Primary versus secondary. Only primary sources may be used in OL201 and only the course readings will be used to interpret your primary sources.
The most basic definition of a primary source is that it provides data from first hand observation. A secondary source is once removed from the primary source.
For this course, you are a primary source and the dataset is created from your personal experience, within the parameters (date range and specific types of experiences) set by the instructor for the course. There are qualitative methodologies, such as autoethnography, that provide a systematic approach for engaging with personal experience.
A secondary source may engage with an analysis and interpretation of a primary source or provide a theoretical perspective. In this course, you are going to be given academic content (course readings, such as textbook chapters and journal articles) which you will then use to enhance your analysis of your primary dataset.
Research questions and the research process
Research is question driven; however, engaging in research is not about finding specific answers to factual questions. It is not about what you already know - it’s about what you don’t know. Starting with a question helps you keep an open mind, and avoid confirmation bias. If you already have an answer in mind you will naturally want to focus on sources that support your particular viewpoint and you will be more likely to overlook or fail to recognize the value of sources that contradict your perspective. Be prepared to adjust your thinking as your knowledge grows.
Strategies for identifying and generating questions to help with recognizing information gaps
When compiling your personal dataset, think about the academic content covered in class: What are the key concepts, how are those concepts significant, and what insights do they provide in connection to your personal experience?
- For example, some of the course content that I identified as particularly relevant for me, was the concept of servant leadership and also storytelling as a way of creating a shared vision and communicating knowledge. In my work as a librarian, my goal is to empower students to be able to meet their information needs, which can be viewed as servant leadership on a smaller scale, and I often use stories of my own library research experience to exemplify the cognitive aspects of the research process.
The course readings can help you think about your personal experiences with a new perspective and assist you with identifying which experiences are most relevant to draw on in order to compile your personal dataset.
Sometimes researchers will explicitly identify questions in their work or something you read might raise a question for you. Ask yourself, why are those questions significant? Understanding the question(s) researchers are engaging with in their research can also help you critically evaluate those sources.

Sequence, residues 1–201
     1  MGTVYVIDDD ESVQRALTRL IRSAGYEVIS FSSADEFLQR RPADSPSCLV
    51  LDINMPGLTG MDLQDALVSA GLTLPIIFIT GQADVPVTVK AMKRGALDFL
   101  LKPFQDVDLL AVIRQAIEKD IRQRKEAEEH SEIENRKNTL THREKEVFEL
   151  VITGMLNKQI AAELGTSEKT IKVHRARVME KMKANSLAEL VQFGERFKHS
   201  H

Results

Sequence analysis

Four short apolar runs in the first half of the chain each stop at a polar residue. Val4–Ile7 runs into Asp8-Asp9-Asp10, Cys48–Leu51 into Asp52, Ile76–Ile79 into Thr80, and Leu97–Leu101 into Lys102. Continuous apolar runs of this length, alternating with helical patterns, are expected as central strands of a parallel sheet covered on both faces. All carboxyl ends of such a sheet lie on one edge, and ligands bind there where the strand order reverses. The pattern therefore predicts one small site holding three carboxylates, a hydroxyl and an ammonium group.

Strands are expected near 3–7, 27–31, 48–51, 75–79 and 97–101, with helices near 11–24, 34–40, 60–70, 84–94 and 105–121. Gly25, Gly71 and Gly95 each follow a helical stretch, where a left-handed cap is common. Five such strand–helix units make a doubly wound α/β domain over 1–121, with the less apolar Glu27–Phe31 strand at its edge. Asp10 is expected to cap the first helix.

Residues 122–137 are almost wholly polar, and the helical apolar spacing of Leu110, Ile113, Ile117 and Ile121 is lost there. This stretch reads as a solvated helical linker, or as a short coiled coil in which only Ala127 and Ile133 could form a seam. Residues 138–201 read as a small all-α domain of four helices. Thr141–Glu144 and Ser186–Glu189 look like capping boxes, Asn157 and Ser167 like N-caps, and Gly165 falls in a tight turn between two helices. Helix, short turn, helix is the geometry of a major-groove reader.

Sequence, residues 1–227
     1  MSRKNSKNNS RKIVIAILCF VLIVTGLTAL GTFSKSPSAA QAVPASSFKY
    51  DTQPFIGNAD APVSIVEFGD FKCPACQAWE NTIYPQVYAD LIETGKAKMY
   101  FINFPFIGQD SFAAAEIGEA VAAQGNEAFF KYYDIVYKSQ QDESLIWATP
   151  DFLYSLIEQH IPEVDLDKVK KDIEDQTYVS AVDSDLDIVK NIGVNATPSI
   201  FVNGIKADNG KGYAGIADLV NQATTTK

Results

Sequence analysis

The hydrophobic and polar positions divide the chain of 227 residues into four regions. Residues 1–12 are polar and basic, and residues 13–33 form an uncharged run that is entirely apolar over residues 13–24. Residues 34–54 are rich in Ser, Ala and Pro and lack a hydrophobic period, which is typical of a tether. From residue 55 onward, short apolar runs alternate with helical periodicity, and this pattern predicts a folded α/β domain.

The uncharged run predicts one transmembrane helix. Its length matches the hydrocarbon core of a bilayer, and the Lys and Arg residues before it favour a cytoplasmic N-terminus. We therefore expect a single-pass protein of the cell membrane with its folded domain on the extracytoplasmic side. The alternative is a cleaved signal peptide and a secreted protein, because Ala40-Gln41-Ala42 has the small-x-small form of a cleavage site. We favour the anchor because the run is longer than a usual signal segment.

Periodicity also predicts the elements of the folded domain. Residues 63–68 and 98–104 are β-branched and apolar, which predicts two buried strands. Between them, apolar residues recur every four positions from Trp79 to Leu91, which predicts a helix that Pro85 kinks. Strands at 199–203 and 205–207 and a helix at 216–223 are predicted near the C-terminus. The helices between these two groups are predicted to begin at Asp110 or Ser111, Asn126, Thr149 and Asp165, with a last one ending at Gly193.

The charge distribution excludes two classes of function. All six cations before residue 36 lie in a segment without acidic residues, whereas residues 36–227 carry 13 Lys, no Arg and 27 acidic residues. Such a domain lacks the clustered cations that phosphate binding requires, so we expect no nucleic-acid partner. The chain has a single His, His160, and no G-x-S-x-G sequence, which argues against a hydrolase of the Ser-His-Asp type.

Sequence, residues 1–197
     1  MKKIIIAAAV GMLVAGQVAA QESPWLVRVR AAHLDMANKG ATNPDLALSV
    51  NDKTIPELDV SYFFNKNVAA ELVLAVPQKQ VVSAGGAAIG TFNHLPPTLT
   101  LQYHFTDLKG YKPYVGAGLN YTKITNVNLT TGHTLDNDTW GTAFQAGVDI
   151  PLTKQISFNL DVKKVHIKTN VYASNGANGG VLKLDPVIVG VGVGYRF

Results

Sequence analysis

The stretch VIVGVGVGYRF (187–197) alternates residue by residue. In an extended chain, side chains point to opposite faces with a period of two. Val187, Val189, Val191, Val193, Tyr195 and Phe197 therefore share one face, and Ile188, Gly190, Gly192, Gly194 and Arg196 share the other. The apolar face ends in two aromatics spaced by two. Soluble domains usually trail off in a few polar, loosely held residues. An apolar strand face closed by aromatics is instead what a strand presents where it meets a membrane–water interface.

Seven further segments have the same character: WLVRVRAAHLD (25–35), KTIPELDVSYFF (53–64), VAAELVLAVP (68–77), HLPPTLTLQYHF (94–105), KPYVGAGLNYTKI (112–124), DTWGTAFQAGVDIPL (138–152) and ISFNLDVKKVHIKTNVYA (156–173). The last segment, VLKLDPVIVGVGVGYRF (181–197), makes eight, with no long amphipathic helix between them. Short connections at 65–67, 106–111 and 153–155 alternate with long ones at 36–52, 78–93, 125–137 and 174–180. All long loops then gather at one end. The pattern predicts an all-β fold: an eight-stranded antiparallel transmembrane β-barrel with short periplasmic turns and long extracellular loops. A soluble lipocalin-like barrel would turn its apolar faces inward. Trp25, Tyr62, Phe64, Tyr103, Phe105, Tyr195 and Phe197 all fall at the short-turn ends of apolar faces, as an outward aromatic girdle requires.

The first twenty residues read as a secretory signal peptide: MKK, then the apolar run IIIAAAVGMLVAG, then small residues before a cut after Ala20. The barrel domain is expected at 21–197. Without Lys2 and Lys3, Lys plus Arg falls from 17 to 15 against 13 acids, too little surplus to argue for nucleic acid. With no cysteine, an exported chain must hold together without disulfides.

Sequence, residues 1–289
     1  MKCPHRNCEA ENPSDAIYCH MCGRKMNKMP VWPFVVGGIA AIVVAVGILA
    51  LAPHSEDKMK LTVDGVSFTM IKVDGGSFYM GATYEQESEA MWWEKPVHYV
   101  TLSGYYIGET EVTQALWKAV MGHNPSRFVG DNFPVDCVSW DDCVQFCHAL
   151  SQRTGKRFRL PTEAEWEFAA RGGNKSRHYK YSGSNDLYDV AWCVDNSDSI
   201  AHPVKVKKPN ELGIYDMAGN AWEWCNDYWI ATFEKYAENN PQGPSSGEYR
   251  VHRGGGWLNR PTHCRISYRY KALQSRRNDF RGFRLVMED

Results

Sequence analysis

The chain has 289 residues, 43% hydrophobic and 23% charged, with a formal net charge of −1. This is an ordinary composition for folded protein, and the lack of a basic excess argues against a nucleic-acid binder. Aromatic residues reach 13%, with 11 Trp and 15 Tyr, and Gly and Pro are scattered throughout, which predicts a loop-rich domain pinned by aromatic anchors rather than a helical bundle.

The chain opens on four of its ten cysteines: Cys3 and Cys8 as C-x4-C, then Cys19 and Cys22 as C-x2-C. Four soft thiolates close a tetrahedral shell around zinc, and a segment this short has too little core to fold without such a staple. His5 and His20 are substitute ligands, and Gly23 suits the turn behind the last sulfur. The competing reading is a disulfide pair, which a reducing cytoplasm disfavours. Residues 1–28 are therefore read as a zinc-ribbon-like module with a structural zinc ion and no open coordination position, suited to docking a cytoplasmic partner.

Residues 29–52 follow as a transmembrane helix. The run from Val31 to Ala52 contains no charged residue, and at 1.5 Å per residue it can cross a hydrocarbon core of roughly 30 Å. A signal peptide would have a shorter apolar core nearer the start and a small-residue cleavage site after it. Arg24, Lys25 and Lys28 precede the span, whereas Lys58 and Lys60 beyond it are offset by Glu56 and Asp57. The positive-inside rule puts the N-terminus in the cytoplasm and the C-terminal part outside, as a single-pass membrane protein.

A question may not always explicitly look like a question, so you may have to read carefully to see them.
For example, in the article “A review of servant leadership attributes: developing a practical model” by Russell and Stone (2002), the authors write, “If servant leadership is different from other forms of leadership, then one should be able to observe characteristics and behaviors in such leaders that are distinctive” (p.145). This is a working hypothesis, but they are basically asking the question, what characteristics and behaviours are unique to servant leaders?
When using questions to move your inquiry forward, you need to keep in mind the following:
- Do those questions give you new insight into your personal experiences you can draw on?
- How do the questions move your inquiry and knowledge forward?
Making effective use of your course readings
Do not read only to find facts. Read to understand arguments and look at the evidence the author(s) uses to support those arguments.
- For example, Russell and Stone (2002), clearly identify the guiding goals of their work in the section with the heading Purpose. The overarching purpose of their work is identified when they write: “The primary purpose of this article is to examine the existing literature that relates to the concept of servant leadership and thereby develop a researchable model of the theory” (p.145). They also want to evaluate and organize the attributes of servant leaders and use this information to create a rational model. This model can then act as a foundation to inform both behaviour in practice and to guide future research.
- When you read this article, think about how the authors identify the attributes of servant leadership.
Look for noticeable themes and connections across the sources you are reading. You will notice that the authors in some of your course readings do exactly this.
- Across the sources I read, I noticed a consistent effort to link theory to practice and establish an empirical foundation for the theory. This means I will want to be mindful of how these links are developed and what evidence is presented.
- A desire to establish clear definitions for certain concepts like, leadership and leadership styles, and servant leadership. I will want to be mindful of how definitions might vary and why those variations occur, and I will want to ask the question "how do my sources 'speak' to each other?"
- For the course readings ask yourself: why was this reading assigned and what purpose is it intended to serve in developing my knowledge?